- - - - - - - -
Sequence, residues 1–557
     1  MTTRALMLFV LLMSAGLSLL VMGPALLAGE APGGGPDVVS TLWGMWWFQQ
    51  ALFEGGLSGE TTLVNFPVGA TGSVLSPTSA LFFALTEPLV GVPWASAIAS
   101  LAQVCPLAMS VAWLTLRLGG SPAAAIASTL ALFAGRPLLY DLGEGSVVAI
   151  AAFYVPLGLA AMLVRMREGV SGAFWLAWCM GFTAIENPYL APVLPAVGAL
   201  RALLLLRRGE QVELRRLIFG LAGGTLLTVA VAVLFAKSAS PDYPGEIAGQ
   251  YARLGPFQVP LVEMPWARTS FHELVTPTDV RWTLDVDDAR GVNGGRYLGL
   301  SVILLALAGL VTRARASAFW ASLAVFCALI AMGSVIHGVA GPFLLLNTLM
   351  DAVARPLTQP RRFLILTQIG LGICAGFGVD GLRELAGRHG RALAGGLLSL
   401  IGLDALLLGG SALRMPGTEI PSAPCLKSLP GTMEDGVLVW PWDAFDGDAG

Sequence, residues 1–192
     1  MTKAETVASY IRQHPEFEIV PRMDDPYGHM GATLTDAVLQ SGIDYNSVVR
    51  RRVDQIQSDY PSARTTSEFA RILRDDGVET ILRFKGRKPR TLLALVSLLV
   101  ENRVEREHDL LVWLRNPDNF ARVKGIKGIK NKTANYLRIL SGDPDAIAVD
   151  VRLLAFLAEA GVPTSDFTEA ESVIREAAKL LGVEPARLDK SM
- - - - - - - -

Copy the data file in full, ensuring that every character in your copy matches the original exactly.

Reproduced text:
Sequence, residues 1–557
     1  MTTRALMLFV LLMSAGLSLL VMGPALLAGE APGGGPDVVS TLWGMWWFQQ
    51  ALFEGGLSGE TTLVNFPVGA TGSVLSPTSA LFFALTEPLV GVPWASAIAS
   101  LAQVCPLAMS VAWLTLRLGG SPAAAIASTL ALFAGRPLLY DLGEGSVVAI
   151  AAFYVPLGLA AMLVRMREGV SGAFWLAWCM GFTAIENPYL APVLPAVGAL
   201  RALLLLRRGE QVELRRLIFG LAGGTLLTVA VAVLFAKSAS PDYPGEIAGQ
   251  YARLGPFQVP LVEMPWARTS FHELVTPTDV RWTLDVDDAR GVNGGRYLGL
   301  SVILLALAGL VTRARASAFW ASLAVFCALI AMGSVIHGVA GPFLLLNTLM
   351  DAVARPLTQP RRFLILTQIG LGICAGFGVD GLRELAGRHG RALAGGLLSL
   401  IGLDALLLGG SALRMPGTEI PSAPCLKSLP GTMEDGVLVW PWDAFDGDAG

Sequence, residues 1–192
     1  MTKAETVASY IRQHPEFEIV PRMDDPYGHM GATLTDAVLQ SGIDYNSVVR
    51  RRVDQIQSDY PSARTTSEFA RILRDDGVET ILRFKGRKPR TLLALVSLLV
   101  ENRVEREHDL LVWLRNPDNF ARVKGIKGIK NKTANYLRIL SGDPDAIAVD
   151  VRLLAFLAEA GVPTSDFTEA ESVIREAAKL LGVEPARLDK SM